U.S. military satellites, as well as those used for civilian purposes like communications, are under threat now more than at any time in the past thanks to an array of advancing weaponry designed to take them out if our country finds itself in another great power conflict on the scale of a previous world war.
As reported by the Washington Times’ national security correspondent, Bill Gertz, the satellites are being threatened by lasers, kinetic anti-satellite weapons, cyber attacks, electronic jammers and other weapons.
Gertz notes that the Defense Science Board, in a recently issued report, is warning that military satellites, and others used for global operations, “will be contested by a myriad of effects ranging from reversible to destructive.”
And frankly, it’s those destructive methods that worry officials most — and it should worry you, too.
“The estimated and projected electronic threats against satellite communication (SATCOM) have rapidly escalated in the last few years and will continue to increase in the foreseeable future,” said an executive summary of the report.
“Advances and proliferation in advanced electronic warfare (EW), kinetic, space, and cyber capabilities threaten our ability to maintain information superiority,” and that “under severe stress situations, jamming can render all commercial SATCOM and most defense SATCOM inoperable.”
It adds: “This reality should be considered a crisis to be dealt with immediately.”
Hyperbole? Hardly. This is absolutely a real thing.
As the Defense Science Board report noted, Chinese President Xi Jinping announced major military reforms for his country in April — reforms that include a much bigger focus on electronic warfare systems that would help transform the People’s Liberation Army into an “indestructable combat force” by 2020.
Russia is also working to upgrade its systems. Also in April, the board noted, quoting Russian media, Moscow’s Electronic Warfare troops were making preparations to attack and disable American weapons systems “without firing a shot,” the Vesti online news portal reported, according to board.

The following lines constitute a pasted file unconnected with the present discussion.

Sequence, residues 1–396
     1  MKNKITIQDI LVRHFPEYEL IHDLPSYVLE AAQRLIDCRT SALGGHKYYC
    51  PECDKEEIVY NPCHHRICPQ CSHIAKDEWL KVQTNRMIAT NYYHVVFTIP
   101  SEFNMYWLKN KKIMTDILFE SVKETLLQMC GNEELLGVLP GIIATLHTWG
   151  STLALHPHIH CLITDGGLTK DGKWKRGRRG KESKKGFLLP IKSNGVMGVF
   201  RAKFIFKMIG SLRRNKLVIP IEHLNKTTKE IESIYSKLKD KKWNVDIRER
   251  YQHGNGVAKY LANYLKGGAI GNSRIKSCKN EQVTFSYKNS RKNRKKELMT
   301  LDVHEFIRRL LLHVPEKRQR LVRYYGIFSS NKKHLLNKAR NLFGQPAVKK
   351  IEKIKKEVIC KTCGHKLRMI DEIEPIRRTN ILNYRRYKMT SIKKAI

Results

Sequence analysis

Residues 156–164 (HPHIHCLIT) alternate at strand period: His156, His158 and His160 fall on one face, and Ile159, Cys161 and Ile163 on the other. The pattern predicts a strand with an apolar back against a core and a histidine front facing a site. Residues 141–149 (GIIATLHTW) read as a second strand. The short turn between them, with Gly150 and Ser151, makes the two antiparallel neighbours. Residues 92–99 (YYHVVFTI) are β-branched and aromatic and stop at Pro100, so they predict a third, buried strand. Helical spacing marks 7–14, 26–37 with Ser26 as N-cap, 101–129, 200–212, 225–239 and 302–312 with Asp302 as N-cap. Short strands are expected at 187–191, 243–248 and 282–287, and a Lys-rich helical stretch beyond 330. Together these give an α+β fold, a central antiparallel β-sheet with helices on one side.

“Our REW troops can detect and neutralize any target from a ship’s system and a radar, to a satellite,” said Vesti.
Director of National Intelligence Dan Coats told the Senate Select Committee on Intelligence earlier this month:
We assess that Russia and China perceive a need to offset any U.S. military advantage derived from military, civil, or commercial space systems and are increasingly considering attacks against satellite systems as part of their future warfare doctrine. Both will continue to pursue a full range of anti-satellite weapons as a means to reduce U.S. military effectiveness.
No doubt the U.S. military has developed similar technology. But while we may be able to attack and destroy an enemy’s SATCOM as well, losing ours in the process means that preppers should obtain alternative forms of communication now.
Obviously, without satellites, Graywolf Survival notes, your cell phone isn’t going to be of much use — for talking or for GPS. So what should you do?
Two way radios: The easiest solution here is to invest in a good set of two-way radios. Citizens Band radios are the most common commercial frequencies and there are some good products on the market. These, of course, are designed for short-range communications, but will come in handy for a number of things — patrolling, scouting, foraging or just staying in touch within your own neighborhood. (Related: Read Keeping In Touch When You Bug Out.)
In addition to hand-held radios, you should consider setting up a base model as well — one that comes with an outside antenna at least 30 feet in the air. These will give you much longer range, making it easier for you to make contact with the outside world, so to speak.
Limitations for CB radios, however, is that not a lot of people own them these days. About 40 years ago, believe it or not, they were all the rage, and today truck drivers still use them quite a bit, but the general public does not. Still, they do make a good alternative for short-distance communication between family members and members of your survival group.
Just remember, they run on batteries so make sure you’ve got a way to keep them charged. Solar panels and rechargeable batteries are a combo possibility.
Ham radios: These are the best for emergency communications, as Graywolf Survival notes, because it is used by MARS (Military Auxiliary Radio System) and ARES (Amateur Radio Emergency Service). Also, a number of search-and-rescue groups use them.
There are a number of emergency frequencies available on ham radio, too.
However, you need a license to operate a ham radio, and though they’re easy to get, they do require some studying, nonetheless. Check out Graywolf Survival’s extensive article on ham radios and why they really are the best choice for emergency communications.
Just know that in a global emergency, U.S. satellites are likely to be targeted by our enemies. Get a back-up communication plan ready now.
J.D. Heyes is a senior writer for NaturalNews.com and NewsTarget.com, as well as editor of The National Sentinel.